However, one thing in particular -- and possibly two -- really leaped out at me from the figures. More than a fifth of the billion pounds that were spend on the UK's digital display during the first half of 2014 were allocated to native advertising. From seemingly nowhere, that is a massive leap.
The other statistic that caught my eye was social was social media growing 73 percent year-on-year, to GBP396m for H1 2014. Of that, more than half was spent on mobile social. That's aside from the fact that mobile's share of digital advertising has tripled in just two years to now account for a fifth of all digital display.
So a fifth of display, getting on for a quarter, is being spent on native -- and an additional fifth, which is growing massively, is spent on mobile. Within this, half of all mobile advertising on social media.
It always takes a while for advertising dollars to follow consumers' behaviour, but the rise of native and mobile -- and particularly social mobile -- is very rapid and appears to be picking up pace.
Given that the other poster child of these figures is a near 200 percent rise in online and mobile video advertising, there is a stark conclusion that simply cannot be avoided.
Advertisers are recalibrating. They are focussing where the attention is. Of course, this is nothing new. However, what it does signify is that the ad units dotted around the edges of Web sites are increasingly not being seen as where their attention is. Although digital display still dominates, the trend is to try to get inside the content -- to get within a social post -- to be within the video package someone is consuming.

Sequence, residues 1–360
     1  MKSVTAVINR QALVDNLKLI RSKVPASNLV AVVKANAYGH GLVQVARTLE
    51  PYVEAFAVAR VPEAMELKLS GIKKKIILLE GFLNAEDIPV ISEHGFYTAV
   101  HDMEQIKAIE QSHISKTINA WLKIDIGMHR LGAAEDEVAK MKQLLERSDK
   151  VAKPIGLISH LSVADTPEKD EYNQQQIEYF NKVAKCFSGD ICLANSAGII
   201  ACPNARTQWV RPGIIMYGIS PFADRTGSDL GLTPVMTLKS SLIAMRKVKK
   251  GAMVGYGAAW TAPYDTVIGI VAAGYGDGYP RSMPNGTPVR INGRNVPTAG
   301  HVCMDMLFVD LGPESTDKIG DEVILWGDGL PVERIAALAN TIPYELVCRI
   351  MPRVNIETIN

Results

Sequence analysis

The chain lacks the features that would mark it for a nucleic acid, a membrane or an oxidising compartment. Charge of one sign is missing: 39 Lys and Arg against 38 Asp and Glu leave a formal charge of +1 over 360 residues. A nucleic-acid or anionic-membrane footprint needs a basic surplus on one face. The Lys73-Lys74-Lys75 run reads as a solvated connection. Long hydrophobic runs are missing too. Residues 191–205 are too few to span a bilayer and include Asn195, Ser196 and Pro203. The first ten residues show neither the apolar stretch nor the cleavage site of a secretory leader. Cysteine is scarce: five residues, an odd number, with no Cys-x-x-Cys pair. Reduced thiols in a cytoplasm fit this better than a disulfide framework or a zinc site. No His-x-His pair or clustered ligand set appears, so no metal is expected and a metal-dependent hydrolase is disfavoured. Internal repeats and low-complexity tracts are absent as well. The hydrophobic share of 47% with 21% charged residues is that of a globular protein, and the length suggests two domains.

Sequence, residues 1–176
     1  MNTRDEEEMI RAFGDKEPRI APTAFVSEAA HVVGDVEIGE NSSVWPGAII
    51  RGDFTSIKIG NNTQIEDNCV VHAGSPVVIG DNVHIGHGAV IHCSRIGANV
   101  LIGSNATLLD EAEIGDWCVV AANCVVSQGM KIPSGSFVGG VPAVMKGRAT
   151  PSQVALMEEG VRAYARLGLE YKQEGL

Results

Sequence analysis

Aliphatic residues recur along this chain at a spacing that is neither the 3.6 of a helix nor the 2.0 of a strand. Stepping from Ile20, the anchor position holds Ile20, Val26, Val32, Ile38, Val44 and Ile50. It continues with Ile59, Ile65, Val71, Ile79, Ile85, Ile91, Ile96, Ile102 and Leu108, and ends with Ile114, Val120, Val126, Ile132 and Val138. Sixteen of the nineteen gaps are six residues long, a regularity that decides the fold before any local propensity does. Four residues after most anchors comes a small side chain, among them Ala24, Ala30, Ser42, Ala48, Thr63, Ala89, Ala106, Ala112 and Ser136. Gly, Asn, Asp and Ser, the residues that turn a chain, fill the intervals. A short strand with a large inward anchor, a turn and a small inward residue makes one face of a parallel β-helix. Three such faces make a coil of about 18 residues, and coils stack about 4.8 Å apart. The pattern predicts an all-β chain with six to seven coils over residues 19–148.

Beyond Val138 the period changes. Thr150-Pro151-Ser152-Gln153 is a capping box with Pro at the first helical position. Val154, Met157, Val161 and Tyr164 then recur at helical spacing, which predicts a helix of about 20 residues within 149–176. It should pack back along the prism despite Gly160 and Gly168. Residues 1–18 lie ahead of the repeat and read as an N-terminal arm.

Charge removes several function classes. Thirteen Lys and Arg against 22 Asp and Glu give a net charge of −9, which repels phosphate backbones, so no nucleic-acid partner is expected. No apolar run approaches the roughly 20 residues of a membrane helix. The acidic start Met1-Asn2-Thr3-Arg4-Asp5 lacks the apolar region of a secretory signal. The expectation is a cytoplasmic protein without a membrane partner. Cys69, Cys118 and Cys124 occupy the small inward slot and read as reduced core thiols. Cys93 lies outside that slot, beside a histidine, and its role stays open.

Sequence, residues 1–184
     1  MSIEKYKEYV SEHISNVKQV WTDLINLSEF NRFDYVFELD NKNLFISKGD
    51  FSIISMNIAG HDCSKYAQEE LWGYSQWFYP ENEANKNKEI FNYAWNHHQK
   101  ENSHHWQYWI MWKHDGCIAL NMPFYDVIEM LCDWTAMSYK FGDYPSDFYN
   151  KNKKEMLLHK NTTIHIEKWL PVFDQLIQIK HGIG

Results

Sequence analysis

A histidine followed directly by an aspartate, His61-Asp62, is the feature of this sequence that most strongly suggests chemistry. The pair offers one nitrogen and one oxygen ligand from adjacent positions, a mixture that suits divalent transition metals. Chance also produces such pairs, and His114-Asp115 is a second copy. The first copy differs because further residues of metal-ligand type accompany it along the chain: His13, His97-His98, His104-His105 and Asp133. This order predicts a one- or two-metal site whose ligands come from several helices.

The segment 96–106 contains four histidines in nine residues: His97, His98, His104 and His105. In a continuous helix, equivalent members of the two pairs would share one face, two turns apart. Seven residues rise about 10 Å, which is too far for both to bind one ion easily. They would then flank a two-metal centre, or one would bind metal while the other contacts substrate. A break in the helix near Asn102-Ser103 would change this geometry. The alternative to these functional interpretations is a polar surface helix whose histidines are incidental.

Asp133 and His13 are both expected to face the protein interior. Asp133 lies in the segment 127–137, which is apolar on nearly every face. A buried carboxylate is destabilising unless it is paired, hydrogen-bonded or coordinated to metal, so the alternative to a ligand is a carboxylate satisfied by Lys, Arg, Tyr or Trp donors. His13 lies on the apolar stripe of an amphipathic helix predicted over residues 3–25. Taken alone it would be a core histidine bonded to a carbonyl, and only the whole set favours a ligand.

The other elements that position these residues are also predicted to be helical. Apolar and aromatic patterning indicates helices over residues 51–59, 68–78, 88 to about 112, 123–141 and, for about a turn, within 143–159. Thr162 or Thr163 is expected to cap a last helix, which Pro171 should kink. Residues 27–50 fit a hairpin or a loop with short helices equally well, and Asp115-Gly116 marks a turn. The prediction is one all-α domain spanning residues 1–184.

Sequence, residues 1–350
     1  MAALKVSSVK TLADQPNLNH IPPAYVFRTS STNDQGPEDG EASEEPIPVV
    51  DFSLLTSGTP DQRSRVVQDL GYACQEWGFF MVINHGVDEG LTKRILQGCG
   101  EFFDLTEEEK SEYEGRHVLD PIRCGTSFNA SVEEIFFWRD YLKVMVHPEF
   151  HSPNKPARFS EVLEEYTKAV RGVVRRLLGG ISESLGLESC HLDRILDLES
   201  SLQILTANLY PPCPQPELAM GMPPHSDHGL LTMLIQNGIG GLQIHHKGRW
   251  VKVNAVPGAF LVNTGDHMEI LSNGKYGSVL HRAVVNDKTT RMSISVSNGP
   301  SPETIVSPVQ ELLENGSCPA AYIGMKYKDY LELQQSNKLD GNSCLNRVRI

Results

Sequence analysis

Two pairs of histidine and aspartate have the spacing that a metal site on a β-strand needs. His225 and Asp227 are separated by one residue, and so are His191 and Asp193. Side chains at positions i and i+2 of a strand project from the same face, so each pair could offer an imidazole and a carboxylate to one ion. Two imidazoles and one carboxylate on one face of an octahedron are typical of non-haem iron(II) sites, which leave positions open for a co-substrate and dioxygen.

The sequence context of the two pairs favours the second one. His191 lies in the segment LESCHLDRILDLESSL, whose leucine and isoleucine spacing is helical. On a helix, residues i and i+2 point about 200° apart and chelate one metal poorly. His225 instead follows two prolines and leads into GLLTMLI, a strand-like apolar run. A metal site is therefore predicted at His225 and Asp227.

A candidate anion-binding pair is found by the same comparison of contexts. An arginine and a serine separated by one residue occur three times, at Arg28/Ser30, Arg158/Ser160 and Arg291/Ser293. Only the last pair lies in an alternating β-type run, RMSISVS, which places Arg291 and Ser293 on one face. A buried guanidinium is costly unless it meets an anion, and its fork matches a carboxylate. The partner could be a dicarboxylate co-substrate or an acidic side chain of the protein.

Inside is where you increasingly have to be now, not around the edges.
Advertising next to a piece about, say, super mini cars is okay -- but being within the article, or having your content linked to the article in some way as "you may also enjoy" feature. The same is true of needing to be a pre-roll to the video review of the cars or within the social media post that flags up the review.
The digital marketing industry has known for quite some time that they are dealing in the attention economy, yet still the majority of money goes around the edges of this attention.
Well, with the rise of media consumption on mobile and video -- and often both -- it's no longer an option to be solely a wallflower hoping to get a tap on the shoulder and asked to dance.
If the latest IAB research shows one thing, if nothing else, it's that the main action is on the dance floor -- and that's where you have to be.